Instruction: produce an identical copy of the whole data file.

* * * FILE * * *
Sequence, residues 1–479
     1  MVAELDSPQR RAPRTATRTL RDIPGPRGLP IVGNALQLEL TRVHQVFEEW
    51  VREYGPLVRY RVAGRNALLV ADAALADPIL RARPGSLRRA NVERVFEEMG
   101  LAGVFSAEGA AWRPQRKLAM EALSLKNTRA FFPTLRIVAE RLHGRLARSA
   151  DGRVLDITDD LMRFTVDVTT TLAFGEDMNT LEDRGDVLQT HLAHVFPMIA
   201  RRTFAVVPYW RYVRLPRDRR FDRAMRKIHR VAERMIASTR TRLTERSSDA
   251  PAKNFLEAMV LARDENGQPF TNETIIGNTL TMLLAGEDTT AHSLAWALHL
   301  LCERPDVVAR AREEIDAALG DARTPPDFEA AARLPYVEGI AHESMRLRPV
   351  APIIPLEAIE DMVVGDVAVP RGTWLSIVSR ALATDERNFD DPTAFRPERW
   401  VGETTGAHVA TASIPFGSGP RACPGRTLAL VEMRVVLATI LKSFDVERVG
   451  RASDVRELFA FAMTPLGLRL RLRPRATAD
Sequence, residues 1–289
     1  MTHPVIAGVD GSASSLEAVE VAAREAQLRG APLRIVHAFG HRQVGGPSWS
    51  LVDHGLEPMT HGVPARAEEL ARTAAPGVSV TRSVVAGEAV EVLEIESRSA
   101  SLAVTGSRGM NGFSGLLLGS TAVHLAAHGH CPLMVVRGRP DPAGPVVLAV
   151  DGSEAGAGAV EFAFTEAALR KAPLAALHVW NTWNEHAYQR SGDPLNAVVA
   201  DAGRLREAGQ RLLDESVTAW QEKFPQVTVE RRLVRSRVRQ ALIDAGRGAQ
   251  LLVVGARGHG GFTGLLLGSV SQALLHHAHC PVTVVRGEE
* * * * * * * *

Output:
Sequence, residues 1–479
     1  MVAELDSPQR RAPRTATRTL RDIPGPRGLP IVGNALQLEL TRVHQVFEEW
    51  VREYGPLVRY RVAGRNALLV ADAALADPIL RARPGSLRRA NVERVFEEMG
   101  LAGVFSAEGA AWRPQRKLAM EALSLKNTRA FFPTLRIVAE RLHGRLARSA
   151  DGRVLDITDD LMRFTVDVTT TLAFGEDMNT LEDRGDVLQT HLAHVFPMIA
   201  RRTFAVVPYW RYVRLPRDRR FDRAMRKIHR VAERMIASTR TRLTERSSDA
   251  PAKNFLEAMV LARDENGQPF TNETIIGNTL TMLLAGEDTT AHSLAWALHL
   301  LCERPDVVAR AREEIDAALG DARTPPDFEA AARLPYVEGI AHESMRLRPV
   351  APIIPLEAIE DMVVGDVAVP RGTWLSIVSR ALATDERNFD DPTAFRPERW
   401  VGETTGAHVA TASIPFGSGP RACPGRTLAL VEMRVVLATI LKSFDVERVG
   451  RASDVRELFA FAMTPLGLRL RLRPRATAD
Sequence, residues 1–289
     1  MTHPVIAGVD GSASSLEAVE VAAREAQLRG APLRIVHAFG HRQVGGPSWS
    51  LVDHGLEPMT HGVPARAEEL ARTAAPGVSV TRSVVAGEAV EVLEIESRSA
   101  SLAVTGSRGM NGFSGLLLGS TAVHLAAHGH CPLMVVRGRP DPAGPVVLAV
   151  DGSEAGAGAV EFAFTEAALR KAPLAALHVW NTWNEHAYQR SGDPLNAVVA
   201  DAGRLREAGQ RLLDESVTAW QEKFPQVTVE RRLVRSRVRQ ALIDAGRGAQ
   251  LLVVGARGHG GFTGLLLGSV SQALLHHAHC PVTVVRGEE